Sep
21
2012
0

Lemons + herbs for the win

This summer we added two new recipes to our family repertoire. First, on a whim one day while playing tourist down at the Pike Place Market we bought a baby shark for Robbie. Which was actually a trout but he didn’t need to know that. We brought it home, filled the fish with sliced lemons, rosemary, mint, lavender, thyme, and oregano, tied it up, and put it on the grill for a couple minutes a side. Miracle of miracles, the kids devoured it, and then played pretend with the bones for the rest of the afternoon. In the times since, Hannah has been enthusiastic all they way until it came time to actually eat the fish, but Robbie still loves Grilled Baby Shark with Local Herbs and Imported Lemons.

  

Our other new tradition is lemonade made by mashing up lemon slices with sugar and herbs. One time we tried it with honey and it was pretty tasty that way too. And after the kids go to bed if there are any leftovers, a little (or a lot of) vodka makes for a mighty fine cocktail. Pretty much the same herbs as the last time – rosemary, mint, lavendar, and thyme. I usually skip the oregano for some reason.

 

We were in Bellingham for a music festival and there was a great hippie/hipster (getting harder and harder to tell the difference) lemonade stand, where you could have mix-ins added to your drink. I had a blueberry-ginger lemonade, and the kids got basil raspberry. The truly hipster part was that it came in a mason jar that you had to bring back to the stand to get your dollar deposit back. All this to say that if you treat your lemonade well, it will show you respect and be delicious. If you make it from a can, you’re on your own, and results may vary.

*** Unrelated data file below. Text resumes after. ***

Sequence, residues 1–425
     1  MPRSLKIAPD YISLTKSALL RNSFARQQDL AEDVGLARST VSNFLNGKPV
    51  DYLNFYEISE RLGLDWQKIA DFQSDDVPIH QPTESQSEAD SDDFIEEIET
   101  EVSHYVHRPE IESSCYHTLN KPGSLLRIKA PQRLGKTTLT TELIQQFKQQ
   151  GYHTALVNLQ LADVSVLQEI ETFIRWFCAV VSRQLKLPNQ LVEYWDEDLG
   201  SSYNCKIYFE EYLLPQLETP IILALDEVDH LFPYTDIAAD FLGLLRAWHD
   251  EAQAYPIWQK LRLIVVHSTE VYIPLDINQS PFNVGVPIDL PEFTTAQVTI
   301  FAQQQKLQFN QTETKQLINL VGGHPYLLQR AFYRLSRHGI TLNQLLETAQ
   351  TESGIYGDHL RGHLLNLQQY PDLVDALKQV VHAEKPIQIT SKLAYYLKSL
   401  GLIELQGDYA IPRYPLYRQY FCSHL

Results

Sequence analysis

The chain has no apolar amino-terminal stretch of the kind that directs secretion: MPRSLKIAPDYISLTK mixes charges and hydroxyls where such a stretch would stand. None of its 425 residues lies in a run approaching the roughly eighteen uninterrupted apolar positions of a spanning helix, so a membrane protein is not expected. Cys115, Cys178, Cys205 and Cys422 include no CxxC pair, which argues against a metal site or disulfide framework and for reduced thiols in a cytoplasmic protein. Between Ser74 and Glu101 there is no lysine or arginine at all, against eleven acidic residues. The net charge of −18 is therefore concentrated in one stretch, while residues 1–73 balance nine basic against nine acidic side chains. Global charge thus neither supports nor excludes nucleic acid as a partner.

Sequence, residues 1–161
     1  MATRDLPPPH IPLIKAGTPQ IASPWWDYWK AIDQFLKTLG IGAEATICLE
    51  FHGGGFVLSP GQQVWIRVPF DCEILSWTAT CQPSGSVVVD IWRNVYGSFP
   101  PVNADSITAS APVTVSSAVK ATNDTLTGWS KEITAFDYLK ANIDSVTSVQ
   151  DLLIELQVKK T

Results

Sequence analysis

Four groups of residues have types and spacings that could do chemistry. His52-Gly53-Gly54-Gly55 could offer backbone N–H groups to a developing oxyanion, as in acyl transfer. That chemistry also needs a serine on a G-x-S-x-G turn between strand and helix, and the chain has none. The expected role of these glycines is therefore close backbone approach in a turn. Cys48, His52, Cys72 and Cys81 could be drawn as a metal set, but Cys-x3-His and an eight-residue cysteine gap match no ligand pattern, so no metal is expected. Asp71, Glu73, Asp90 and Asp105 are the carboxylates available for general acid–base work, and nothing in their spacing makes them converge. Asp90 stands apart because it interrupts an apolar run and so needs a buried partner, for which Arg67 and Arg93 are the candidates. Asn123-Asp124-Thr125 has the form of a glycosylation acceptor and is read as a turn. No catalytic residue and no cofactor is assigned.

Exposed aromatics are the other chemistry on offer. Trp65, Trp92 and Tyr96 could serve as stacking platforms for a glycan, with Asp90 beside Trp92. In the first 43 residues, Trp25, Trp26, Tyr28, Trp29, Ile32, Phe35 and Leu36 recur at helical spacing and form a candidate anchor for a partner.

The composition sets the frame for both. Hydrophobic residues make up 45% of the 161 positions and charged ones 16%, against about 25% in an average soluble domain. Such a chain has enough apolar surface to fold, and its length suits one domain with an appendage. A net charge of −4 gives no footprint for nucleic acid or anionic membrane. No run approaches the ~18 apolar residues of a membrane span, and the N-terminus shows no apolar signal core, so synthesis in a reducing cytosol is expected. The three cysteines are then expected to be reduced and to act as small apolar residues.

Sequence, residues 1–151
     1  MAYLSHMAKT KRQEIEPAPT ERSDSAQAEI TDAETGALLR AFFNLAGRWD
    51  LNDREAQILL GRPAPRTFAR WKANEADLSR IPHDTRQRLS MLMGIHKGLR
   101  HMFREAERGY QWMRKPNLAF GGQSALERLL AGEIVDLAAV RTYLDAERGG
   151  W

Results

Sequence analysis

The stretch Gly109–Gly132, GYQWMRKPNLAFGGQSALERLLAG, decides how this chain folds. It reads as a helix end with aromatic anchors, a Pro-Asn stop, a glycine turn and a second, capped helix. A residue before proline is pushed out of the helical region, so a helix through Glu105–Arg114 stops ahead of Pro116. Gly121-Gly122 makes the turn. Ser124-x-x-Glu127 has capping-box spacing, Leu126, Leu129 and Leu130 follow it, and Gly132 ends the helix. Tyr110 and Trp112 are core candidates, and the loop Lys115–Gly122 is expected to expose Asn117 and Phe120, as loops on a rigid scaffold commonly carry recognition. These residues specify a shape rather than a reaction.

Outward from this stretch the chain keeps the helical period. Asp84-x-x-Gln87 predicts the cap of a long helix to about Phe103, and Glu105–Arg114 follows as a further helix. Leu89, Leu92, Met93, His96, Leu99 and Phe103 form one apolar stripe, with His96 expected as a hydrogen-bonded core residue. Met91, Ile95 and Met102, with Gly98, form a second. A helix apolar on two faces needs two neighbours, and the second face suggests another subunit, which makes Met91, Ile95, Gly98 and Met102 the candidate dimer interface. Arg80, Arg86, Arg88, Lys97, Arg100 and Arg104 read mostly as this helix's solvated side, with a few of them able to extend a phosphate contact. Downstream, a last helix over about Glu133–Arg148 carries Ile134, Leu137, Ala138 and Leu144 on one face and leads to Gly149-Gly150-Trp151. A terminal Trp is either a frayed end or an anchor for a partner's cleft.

Aug
18
2011
0

Keeping up with the Crooknecks

In the precarious, cold, wet months when we’re starting seeds, transplanting the seedlings, and hoping the plants take root, a lot of things can happen. This year I find myself with three yellow crookneck squash plants, and two of them are starting to produce pretty heavily. These are yellow squash pretty similar in taste and texture to zucchini, so we have a decent idea of what to do with them, but we’re still scrambling to stay out in front. Alicia made squash quickbread and squash risotto the other night. Last night she wanted to try open-faced squash Parmesan sandwiches, so I got to work.

I sliced the biggest of our crop into 1/8″ planks, and marinated them in some balsamic vinegar, olive oil, garlic, and smoked paprika. After a half hour or so, it was onto the bar-b-que with them, monitored closely so they didn’t get too soggy or overcooked. I made plenty so there are leftovers for lunches.

To finish the sandwich, the squash was placed on grilled sourdough, then topped with marinara sauce and Parmesan cheese, and broiled to brown them. Robbie was convinced they were pizza sandwiches and ate it right up, but Hannah decided she was back to being a picky eater and cried about dinner. You can’t win them all, especially where squash is concerned.

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